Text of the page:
The results of the estimation will predict the probability of obtaining the specified outcome for y*. For a binary variable, the probability that y* will equal 1 can be represented by [15] :

The coefficients, β, represent the directional contribution of each variable but not the magnitude. All models were estimated in STATA (14.2) statistical software [16] . Marginal effects were estimated using STATA in order to determine the marginal contribution of each variable. Each logit model estimated included nine explanatory variables. Gender of the respondent was included as a binary variable (female was the binary variable with one representing being female). The age variables, 25 to 44, 45 to 64, and over 65, were all binary variables for which one represented being a member of each group, respectively (and zero otherwise), while the age group of 18 to 24 year olds was omitted. Education was included as a binary variable in which having a college degree was represented by one (and zero otherwise).

Four household consumption statements were included to understand if consumer behavior is reflective of their perceptions of dairy cattle management practices. Each of the four statements was coded and incorporated into the model as a binary variable in which one represented an affirmative response to the statements surrounding whether the household consumed dairy products, consumed dairy products from farms promoting welfare, had made changes to their dairy consumption due to animal welfare concerns (in the past three years), and/or made changes to their dairy consumption due to food safety concerns (in the past three years).

3. Results and Discussion

3.1. Summary Statistics

Summary statistics of respondent (n = 1201) demographics are provided in Table 2. Fifty-one percent of respondents were female, which is identical to the US Census Bureau figures [17] . The percentage of respondents reporting their age at the time of participation in each of the four age brackets provided were identical to the proportions of the US population in these brackets, according to the US Census [17] . Household incomes were collected in seven categories: less than $25,000 (23% of respondents), $25,000 to $34,999 (10%), $35,000 to $49,000 (14%), $50,000 to $74,999 (18%), $75,000 to $99,999 (12%), $100,000 to $149,999 (13%), and $150,000 or more (10%). The proportion of the sample within each household income category was identical to the proportions of the population in each bracket, as reported by the US Census [17] .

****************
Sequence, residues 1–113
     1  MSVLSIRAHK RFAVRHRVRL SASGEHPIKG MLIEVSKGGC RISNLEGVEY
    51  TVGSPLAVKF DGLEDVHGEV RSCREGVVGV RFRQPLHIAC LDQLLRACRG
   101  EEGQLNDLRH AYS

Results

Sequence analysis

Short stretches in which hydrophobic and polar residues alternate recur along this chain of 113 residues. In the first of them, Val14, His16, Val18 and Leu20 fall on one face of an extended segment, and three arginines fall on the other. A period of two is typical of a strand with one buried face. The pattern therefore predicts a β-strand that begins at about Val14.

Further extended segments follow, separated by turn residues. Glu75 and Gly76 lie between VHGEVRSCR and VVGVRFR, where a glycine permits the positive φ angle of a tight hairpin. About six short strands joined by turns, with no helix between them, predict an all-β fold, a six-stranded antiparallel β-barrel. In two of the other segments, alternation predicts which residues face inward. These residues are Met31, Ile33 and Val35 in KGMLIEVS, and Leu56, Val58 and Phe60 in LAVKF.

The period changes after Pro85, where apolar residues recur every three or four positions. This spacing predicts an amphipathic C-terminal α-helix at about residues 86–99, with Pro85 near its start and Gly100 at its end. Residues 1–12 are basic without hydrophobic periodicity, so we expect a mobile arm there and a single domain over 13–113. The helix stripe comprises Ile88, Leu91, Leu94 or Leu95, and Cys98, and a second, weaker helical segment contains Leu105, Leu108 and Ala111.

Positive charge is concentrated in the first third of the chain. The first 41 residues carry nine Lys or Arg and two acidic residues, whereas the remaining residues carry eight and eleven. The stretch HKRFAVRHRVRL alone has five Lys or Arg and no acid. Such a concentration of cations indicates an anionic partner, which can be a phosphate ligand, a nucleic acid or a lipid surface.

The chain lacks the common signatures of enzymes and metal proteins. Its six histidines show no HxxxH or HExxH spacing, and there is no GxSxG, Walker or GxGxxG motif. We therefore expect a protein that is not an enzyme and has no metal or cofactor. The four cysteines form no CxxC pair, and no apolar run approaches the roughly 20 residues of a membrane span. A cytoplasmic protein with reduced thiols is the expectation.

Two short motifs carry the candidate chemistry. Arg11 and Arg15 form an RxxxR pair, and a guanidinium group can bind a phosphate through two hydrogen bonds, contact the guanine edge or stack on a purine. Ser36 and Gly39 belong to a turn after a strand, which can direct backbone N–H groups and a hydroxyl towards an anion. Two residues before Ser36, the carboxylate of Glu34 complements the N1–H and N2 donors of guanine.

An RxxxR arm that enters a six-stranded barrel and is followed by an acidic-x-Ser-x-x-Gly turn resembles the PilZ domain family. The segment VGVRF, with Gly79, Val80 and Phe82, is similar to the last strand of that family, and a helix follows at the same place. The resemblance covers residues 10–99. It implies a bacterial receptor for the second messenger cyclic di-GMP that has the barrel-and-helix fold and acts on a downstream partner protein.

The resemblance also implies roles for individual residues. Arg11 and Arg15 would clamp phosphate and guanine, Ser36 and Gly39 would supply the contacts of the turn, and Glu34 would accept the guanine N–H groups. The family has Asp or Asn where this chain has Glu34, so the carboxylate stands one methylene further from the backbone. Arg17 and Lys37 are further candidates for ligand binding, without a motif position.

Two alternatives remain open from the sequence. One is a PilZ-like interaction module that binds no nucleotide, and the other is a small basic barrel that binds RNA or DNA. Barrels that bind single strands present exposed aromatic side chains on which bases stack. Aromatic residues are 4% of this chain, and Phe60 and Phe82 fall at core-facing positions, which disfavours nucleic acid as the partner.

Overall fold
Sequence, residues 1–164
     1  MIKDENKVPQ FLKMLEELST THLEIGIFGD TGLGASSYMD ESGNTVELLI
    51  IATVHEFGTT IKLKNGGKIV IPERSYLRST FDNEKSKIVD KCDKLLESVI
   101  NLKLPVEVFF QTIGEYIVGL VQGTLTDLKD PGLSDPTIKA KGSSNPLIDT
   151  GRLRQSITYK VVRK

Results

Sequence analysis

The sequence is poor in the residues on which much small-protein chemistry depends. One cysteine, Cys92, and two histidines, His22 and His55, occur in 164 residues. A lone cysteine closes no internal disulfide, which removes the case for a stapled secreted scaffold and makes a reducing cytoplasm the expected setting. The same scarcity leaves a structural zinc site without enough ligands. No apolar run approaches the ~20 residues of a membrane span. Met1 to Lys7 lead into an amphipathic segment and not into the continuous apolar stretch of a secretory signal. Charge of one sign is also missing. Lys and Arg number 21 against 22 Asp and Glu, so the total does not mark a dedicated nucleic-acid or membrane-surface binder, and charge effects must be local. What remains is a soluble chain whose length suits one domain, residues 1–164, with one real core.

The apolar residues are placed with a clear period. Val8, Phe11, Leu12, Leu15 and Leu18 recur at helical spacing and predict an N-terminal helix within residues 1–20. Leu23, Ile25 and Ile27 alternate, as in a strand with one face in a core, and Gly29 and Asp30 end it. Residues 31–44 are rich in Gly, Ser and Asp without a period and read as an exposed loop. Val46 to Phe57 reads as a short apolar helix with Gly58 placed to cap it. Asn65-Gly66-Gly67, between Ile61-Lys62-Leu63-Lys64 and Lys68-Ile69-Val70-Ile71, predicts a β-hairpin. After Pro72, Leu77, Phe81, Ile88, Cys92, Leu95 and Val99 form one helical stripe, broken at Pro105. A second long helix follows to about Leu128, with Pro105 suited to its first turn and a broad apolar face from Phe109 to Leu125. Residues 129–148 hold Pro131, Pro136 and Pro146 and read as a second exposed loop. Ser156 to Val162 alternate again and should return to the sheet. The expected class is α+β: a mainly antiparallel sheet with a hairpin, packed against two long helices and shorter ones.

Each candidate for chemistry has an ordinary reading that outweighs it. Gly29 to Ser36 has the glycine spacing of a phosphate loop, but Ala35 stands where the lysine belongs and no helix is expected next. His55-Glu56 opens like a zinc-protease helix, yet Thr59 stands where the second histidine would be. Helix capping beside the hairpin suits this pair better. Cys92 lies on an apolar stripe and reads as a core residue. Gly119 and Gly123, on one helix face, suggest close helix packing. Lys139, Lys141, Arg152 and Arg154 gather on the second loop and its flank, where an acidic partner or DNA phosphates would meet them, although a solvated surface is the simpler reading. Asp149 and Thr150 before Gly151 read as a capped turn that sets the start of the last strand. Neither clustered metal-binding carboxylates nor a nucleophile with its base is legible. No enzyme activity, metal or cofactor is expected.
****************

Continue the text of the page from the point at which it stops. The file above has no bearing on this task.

In total, the respondent sample obtained was more educated than the US population, according to the US Census [17] . The majority of participants, 57%, reported holding a higher education degree (highest level received options were trade, associate’s, bachelor’s, master’s, or PhD). The over-education of the

Table 2. Summary demographics.

sample, relative to the US population, could be in-part due to the survey taking place online, potentially restricting accessibility to residents with ready Internet access, time available online, interest in voluntary participation, ability to read and comprehend the survey, and/or other reasons. With respect to US region of residence, 38% were from the South, 22% from both the Midwest and the West, and 18% from the Northeast. Each region’s representation in the sample was identical to regional residences reported in the US population [17] . Participants were also asked if there were children in their households; the majority, 68% of households, did not have children, while the remaining 32% did.

Respondents were asked about their household dairy product consumption. The majority, 87% of respondents, indicated that their household consumed dairy products, while only 6% did not. The remaining 7% did not know about their household dairy consumption, and of this group, 4% indicated being either willing to purchase or consume dairy products while 3% was unwilling to purchase or consume such products.

Those respondents who indicated that they or their household consumed dairy were asked a follow up question about whether they or anyone in their household had altered their consumption of dairy products because of concerns about animal welfare or food safety. Twelve percent of respondents’ households reportedly had altered their dairy product consumption in the past three years as a result of animal welfare concerns, while 10% had altered consumption due to food safety concerns. Most (63%) had not altered consumption for either reason, and 11% reported that they did not know if the household had altered consumption.